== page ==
and Richard Jones Why is domicile important? According to UK law when a child is born via surrogacy the surrogate who gives birth to the child is recognised as the child’s legal mother. If the surrogate is married, the surrogate’s husband is the child’s legal father. The intended parents must apply for a parental order
How can I dissolve a civil partnership in England and Wales if I am living in a country which does not recognise civil partnerships?
Under the law of England and Wales, a civil partnership is a relationship between two people of the same sex which is formed when they register as civil partners in England or Wales. The courts also recognise certain registered overseas relationships that are equivalent to civil partnerships. It is possible to dissolve (formally end) a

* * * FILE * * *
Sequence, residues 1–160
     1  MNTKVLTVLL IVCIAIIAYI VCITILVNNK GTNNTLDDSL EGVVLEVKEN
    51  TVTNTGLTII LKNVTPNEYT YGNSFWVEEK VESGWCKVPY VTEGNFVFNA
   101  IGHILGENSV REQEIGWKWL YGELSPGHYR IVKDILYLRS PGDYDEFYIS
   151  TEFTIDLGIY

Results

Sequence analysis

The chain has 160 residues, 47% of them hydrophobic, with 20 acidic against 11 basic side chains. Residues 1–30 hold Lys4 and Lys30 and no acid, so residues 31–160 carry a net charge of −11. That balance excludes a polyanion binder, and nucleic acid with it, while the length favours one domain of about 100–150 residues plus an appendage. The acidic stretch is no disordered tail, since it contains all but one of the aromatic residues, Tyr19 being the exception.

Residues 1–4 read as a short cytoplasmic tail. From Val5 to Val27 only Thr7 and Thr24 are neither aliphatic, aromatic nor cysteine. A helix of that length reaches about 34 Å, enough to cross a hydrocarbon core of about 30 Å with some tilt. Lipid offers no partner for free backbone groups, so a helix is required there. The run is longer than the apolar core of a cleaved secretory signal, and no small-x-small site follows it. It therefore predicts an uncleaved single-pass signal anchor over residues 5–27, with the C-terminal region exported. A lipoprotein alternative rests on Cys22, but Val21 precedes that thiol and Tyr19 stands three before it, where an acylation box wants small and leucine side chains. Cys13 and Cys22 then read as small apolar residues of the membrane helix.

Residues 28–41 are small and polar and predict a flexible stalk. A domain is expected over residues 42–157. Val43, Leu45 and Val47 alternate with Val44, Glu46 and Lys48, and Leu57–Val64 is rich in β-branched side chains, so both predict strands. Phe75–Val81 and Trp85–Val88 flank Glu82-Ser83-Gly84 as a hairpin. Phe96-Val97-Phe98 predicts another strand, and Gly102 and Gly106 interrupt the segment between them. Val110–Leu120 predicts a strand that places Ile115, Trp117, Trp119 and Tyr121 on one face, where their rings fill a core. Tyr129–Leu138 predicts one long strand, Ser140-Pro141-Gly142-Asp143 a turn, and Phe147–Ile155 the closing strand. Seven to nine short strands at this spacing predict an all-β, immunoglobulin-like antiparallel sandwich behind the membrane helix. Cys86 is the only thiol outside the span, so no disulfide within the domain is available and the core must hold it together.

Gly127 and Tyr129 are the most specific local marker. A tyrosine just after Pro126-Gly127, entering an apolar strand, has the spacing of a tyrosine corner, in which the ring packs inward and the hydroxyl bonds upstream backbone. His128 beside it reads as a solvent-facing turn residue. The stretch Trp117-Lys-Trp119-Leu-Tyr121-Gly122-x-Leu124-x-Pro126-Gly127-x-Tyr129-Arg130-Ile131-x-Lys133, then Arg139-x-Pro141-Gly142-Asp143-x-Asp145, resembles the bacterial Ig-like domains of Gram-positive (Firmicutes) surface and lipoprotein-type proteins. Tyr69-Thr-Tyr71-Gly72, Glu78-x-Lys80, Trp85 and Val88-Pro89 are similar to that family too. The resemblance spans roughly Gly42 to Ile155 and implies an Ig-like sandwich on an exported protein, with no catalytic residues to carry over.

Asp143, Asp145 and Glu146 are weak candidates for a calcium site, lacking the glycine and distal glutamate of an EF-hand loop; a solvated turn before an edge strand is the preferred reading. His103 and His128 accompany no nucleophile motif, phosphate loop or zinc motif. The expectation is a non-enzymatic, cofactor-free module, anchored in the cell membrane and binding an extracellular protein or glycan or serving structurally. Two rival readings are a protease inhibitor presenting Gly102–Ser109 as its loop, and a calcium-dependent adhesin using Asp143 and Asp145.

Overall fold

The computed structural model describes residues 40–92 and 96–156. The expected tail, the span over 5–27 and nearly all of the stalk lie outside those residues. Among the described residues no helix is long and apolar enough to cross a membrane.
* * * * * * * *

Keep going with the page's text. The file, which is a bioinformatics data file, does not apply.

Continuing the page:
Family Law Partners are delighted to announce we will be hosting The Law Commission of England and Wales consultation event on their recent consultation paper Building families through surrogacy: a new law, on the 22nd July. This consultation paper has been jointly published with the Scottish Law Commission. This event will provide you with an
What are the legal implications of using a known sperm donor? More and more women are using sperm donors to get pregnant, often because they are in a same sex relationship or are single but feel ready to have a child. Anyone considering this route needs to be aware of two decisions which can have
There are many different family structures and ways of having a child together when you are in a same-sex relationship. A child can only have up to two legal parents (except in the event of IVF-based techniques designed to avoid serious mitochondrial diseases where there are three legal parents). However, just because someone is legally